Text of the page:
Introduction to HNSW: Hierarchical Navigable Small World


AI innovation is going on at breakneck pace. One of many frontiers of this innovation is the vector serps. What are these serps, you ask? In easy phrases, they assist in coaching massive language fashions (LLMs) by going by massive datasets and choosing out what’s related. Now, there are a lot of other ways during which this indexing is finished in vector databases. Amongst them, Hierarchical Navigable Small World (HNSW) stands out for being performant and scalable. All the most important vector shops present HNSW as an indexing technique. It’s quick, environment friendly, strong, and dependable. So, on this article, we are going to break down the inside workings of HNSW and be taught what makes it so quick.

Studying Goals

  • Perceive what embeddings and vector databases are.
  • Get conversant in the other ways of indexing in vector databases.
  • Study what HNSW is and the way it works.
  • Perceive HNSWlib, a header-only HNSW implementation.

This text was printed as part of the Data Science Blogathon.

What are Embeddings?

Embeddings are vector representations of information (textual content, picture) in a high-dimensional vector area.

Two semantically associated knowledge shall be in proximity within the vector area, whereas dissimilar knowledge shall be distant. In different phrases, the phrase embeddings for Messi and soccer shall be shut collectively within the embedding area, whereas the phrase embeddings for soccer and Joe Biden shall be far aside within the embedding area.

The size of vectors can vary from just a few hundred to 1000’s or extra. This makes it tough to retailer, question, and search. However each Retrieval Augmented Era (RAG) primarily based utility requires high-speed search and querying of information embeddings. That is the place Vector Databases come into the image.

What are Vector Databases?

Simply as conventional databases goal to retailer structured and unstructured knowledge, vector databases retailer, search, and question high-dimensional vector embeddings. They supply user-friendly interfaces to work together with embeddings and their related knowledge. Vector databases should not essentially completely different from conventional databases. Vector databases use conventional databases to retailer serialized embeddings. For instance, Chroma makes use of SQLite as in-memory storage, and Pgvector makes use of the Postgres database to retailer embeddings and their related metadata. The factor that separates a conventional database from a vector database is the underlying indexing algorithm.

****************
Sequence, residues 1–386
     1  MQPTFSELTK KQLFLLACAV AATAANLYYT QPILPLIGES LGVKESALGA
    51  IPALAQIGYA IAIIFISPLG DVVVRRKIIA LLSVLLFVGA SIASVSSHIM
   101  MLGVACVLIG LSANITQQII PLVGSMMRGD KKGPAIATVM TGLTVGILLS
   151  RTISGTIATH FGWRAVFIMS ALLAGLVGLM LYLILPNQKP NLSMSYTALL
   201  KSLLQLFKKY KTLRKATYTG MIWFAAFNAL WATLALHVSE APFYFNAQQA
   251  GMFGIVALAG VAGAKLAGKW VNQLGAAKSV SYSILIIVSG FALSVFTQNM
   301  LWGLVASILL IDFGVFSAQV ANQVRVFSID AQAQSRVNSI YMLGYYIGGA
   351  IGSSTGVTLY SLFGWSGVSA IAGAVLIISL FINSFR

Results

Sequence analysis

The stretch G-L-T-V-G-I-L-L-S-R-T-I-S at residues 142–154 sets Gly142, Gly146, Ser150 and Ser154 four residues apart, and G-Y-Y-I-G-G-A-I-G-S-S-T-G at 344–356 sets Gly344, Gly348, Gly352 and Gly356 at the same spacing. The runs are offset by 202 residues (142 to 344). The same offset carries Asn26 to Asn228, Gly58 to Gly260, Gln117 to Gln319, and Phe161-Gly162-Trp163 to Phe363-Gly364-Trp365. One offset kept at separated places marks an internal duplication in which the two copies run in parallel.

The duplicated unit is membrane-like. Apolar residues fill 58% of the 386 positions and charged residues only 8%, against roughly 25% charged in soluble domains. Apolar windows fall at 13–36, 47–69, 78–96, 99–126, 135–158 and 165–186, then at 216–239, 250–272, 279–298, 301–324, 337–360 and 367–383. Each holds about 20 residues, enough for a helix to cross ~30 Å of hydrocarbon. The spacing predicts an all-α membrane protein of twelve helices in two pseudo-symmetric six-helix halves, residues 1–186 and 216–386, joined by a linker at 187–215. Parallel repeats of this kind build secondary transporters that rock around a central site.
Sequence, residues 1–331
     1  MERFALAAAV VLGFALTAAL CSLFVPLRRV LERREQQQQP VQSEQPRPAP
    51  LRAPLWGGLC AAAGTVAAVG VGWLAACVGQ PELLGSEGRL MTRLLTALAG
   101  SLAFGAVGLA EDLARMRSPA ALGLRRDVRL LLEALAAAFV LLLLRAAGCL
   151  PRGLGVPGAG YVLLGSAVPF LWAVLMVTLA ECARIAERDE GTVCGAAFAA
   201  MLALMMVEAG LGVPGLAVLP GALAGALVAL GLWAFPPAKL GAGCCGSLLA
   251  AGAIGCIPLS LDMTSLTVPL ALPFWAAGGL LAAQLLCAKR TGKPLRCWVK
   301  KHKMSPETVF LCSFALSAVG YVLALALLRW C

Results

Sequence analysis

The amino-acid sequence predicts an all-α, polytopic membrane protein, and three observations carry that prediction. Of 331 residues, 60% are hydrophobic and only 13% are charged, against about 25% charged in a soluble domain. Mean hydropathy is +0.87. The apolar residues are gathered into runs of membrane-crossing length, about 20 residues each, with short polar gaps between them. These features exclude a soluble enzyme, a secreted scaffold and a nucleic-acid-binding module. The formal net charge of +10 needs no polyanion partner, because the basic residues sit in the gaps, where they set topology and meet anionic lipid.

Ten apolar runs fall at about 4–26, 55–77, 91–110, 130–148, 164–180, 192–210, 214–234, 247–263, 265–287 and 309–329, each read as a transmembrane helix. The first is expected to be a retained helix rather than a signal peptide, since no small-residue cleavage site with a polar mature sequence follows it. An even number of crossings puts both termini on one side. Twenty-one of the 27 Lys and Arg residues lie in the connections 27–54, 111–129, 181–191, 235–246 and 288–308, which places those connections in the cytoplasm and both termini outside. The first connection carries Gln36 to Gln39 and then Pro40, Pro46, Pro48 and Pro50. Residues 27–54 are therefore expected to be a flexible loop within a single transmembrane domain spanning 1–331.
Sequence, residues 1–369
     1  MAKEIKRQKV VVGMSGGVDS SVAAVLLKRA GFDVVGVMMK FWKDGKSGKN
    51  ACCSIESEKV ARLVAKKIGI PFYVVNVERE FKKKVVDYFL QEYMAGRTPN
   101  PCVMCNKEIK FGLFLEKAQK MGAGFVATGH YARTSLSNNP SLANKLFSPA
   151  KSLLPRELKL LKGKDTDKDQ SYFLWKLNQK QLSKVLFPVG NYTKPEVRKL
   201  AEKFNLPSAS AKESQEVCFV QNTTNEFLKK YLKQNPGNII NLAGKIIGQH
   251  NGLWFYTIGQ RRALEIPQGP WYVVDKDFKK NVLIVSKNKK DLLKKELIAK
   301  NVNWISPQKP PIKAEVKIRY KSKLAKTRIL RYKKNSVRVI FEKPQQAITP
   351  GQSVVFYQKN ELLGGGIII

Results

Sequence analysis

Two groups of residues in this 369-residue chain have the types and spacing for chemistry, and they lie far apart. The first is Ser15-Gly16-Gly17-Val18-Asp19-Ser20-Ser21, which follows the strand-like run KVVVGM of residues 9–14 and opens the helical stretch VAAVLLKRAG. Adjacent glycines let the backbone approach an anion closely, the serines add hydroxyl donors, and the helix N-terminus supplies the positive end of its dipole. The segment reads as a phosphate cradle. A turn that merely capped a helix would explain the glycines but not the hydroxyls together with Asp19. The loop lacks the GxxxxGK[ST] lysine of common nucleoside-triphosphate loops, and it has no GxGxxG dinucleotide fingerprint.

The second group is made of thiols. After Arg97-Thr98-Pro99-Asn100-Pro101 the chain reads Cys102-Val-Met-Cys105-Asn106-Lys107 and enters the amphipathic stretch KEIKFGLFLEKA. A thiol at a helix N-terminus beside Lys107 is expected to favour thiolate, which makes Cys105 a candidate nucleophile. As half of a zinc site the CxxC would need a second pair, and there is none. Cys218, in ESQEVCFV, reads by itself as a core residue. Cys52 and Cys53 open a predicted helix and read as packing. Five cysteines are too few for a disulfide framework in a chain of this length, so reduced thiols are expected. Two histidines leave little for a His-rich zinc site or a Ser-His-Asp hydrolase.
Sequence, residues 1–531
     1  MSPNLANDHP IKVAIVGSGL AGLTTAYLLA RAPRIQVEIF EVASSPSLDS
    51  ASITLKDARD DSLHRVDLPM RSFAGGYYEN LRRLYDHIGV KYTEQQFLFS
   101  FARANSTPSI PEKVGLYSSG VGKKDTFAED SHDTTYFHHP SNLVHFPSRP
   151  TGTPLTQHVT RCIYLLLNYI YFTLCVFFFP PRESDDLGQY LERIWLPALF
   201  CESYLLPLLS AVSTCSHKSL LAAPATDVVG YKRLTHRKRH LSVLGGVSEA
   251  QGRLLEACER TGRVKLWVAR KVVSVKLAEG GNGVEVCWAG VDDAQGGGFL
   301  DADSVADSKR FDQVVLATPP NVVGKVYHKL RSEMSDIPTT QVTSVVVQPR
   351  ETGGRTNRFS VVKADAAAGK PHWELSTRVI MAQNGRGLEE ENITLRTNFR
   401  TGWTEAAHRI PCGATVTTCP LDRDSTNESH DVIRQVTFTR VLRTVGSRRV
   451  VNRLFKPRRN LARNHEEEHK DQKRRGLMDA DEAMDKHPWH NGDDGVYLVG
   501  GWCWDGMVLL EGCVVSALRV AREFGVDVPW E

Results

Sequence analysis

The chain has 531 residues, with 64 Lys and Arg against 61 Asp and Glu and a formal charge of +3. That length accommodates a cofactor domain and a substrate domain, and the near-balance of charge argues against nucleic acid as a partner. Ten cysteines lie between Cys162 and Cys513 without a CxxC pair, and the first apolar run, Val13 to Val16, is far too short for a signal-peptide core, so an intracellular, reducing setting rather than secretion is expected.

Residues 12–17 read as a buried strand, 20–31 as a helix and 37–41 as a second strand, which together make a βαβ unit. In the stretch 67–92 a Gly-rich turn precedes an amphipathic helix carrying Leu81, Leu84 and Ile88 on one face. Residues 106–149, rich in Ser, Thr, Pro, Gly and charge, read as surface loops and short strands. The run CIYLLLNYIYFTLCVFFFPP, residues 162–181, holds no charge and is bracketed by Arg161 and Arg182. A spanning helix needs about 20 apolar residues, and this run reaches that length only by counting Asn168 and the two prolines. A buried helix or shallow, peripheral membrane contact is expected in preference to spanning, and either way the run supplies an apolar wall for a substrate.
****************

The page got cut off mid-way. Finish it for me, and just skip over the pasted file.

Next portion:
Indexing in Vector Databases

Indexing refers back to the strategy of organizing high-dimensional vectors in a approach that gives environment friendly querying of nearest-neighbor vectors.

That is essentially the most essential a part of constructing any vector database. These indexes allow quick and environment friendly querying of high-dimensional embeddings. There are a number of indexing strategies to create vector indices, corresponding to:

  • Linear search Algorithm (Flat Indexing): This can be a linear search algorithm, which implies it can examine the question vector with each different vector saved within the database. That is the best technique on the market and works properly with small datasets.
  • Cluster-based algorithm (IVF): Inverted File is a cluster-based indexing method. It makes use of k-means clustering to cluster all of the vectors. When a question vector is supplied, it calculates the space between the question vector and the centroids of every cluster. And begins looking for the closest neighbors within the cluster with the centroid closest to the question vector. This considerably reduces question time.
  • Quantization (Scalar and Product Quantization): The quantization method entails decreasing the reminiscence footprint of huge embeddings by decreasing their precision.
  • Graph-based (HNSW): The most typical indexing technique. It makes use of hierarchical graph structure to index vectors. And that is what we’re going to discover.

Understanding HNSW

Massive language fashions (LLMs) have gotten more and more common, and plenty of organizations wish to implement them of their product stacks. Nonetheless, there’s a problem to doing this: LLMs have a restricted context window. A context window is the variety of tokens an AI mannequin can ingest. For instance, the GPT 3.5 turbo has a context size of 4096. That is the place vector search databases shine. As an alternative of throwing the whole guide into the context of LLM, we discover essentially the most related components and feed them to the LLM to get exact outcomes.